December 14, 2011 in City, News

Son’s nightmares about ‘dead lady’ led to man’s murder arrest

By The Spokesman-Review
 

A 4-year-old boy’s nightmares about “a dead lady” and his description of how she died led homicide detectives to arrest his father in the slaying of a Stevens County woman, according to new court documents.

The boy’s mother contacted Child Protective Services on Nov. 24 - two days before the decomposing body of Narleen B. Campton, 62, was discovered in her Northport home about 10 miles south of the Canadian border.

Detectives investigating Campton’s death had heard the boy’s father, Robert Cody Wirtz, had connections to Campton through her son. They interviewed the boy after learning of the CPS report and concluded he knew details of Campton’s homicide that had never been publicly released.

The boy asked detectives if they knew what his father had done when they sat down to talk to him Dec. 7. The detectives inquired, and the boy replied, “He killed a lady,” according to court documents filed Tuesday in Stevens County Superior Court.

Wirtz, 30, is in the Stevens County Jail on $750,000 bond. He’s to be arraigned Tuesday on charges of aggravated first-degree murder and first-degree robbery. His son is in protective custody, said Tim Rasmussen, Stevens County prosecutor.

Detectives believe Wirtz, who knew Campton’s son was in jail, killed Campton during a drug-fueled robbery. Sheriff Kendle Allen has said he believes others were involved and more arrests are expected.

Rasmussen said Wednesday the investigation is “absolutely” ongoing.

“There are materials at the crime lab that we’re waiting for forensic reports on,” Rasmussen said.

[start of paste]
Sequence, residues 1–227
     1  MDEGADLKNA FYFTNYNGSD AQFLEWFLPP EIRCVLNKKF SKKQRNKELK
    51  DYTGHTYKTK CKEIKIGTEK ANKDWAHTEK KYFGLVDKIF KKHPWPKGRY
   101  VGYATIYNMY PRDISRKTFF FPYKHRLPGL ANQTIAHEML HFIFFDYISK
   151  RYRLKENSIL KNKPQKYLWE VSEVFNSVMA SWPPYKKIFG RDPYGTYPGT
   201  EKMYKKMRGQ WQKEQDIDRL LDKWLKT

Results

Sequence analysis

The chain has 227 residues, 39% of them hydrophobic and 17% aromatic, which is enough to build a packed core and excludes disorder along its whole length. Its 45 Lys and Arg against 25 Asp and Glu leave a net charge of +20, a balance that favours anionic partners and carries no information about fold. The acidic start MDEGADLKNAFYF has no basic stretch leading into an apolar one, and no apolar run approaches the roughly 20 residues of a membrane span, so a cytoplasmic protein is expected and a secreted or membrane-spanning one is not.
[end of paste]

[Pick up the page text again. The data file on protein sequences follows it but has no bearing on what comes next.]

Detectives found at least two sets of bloody footprints in Campton’s home, and Wirtz’s son named two other people as being present when his father strangled Campton, according to court documents.

An autopsy concluded Campton died of blunt force and sharp trauma, including tortuous incisions on her face, but was also strangled, documents say.

Aggravated first-degree murder is the only charge in Washington that can bring the death penalty if convicted, but Rasmussen said he is not seeking death and has filed second-degree murder has an alternative charge.

Campton’s friend, Bo Wiley, told detectives on Nov. 26, the day a concerned neighbor found her decomposing body in her home at 4158 Old Northport Highway Road, that he’d driven Campton to the grocery store recently because her 32-year-old son, Azariah E. Hulsey, had taken her car, gotten arrested and was in jail.

Wiley said Hulsey’s girlfriend wanted to visit but Campton was reluctant because the woman “had problems with methamphetamine and had stolen from her in the past.” Campton said the woman came to her home at the end of October with two men but left after she was told Hulsey was in jail, Wiley told police.

According to court records, Hulsey’s girlfriend is friends with Wirtz.

On Nov. 30, detectives interviewed Wirtz’s roommate at a motel and were told Wirtz returned after Thanksgiving and appeared “freaked out.” The roommate said Hulsey’s girlfriend “had gotten cross with her drug dealer and that Wirtz was likely trying to help her pay back the debt.”

But it wasn’t until detectives learned of the CPS report and spoke to Wirtz’s son that they developed probable cause to arrest him, according to court documents.

Detectives called to arrange a second interview with the boy last week and were told by his mother that he continued “to suffer from nightmares, was sleep walking, and was crying about bad things,” according to court documents. The boy’s mother told detectives some of what he’d said he’d witnessed. Detectives say the boy included “details regarding the death of Ms. Campton that had not been released,” according to court documents.

Wirtz was arrested on Dec. 8.


There are three comments on this story. Click here to view comments >>

Get stories like this in a free daily email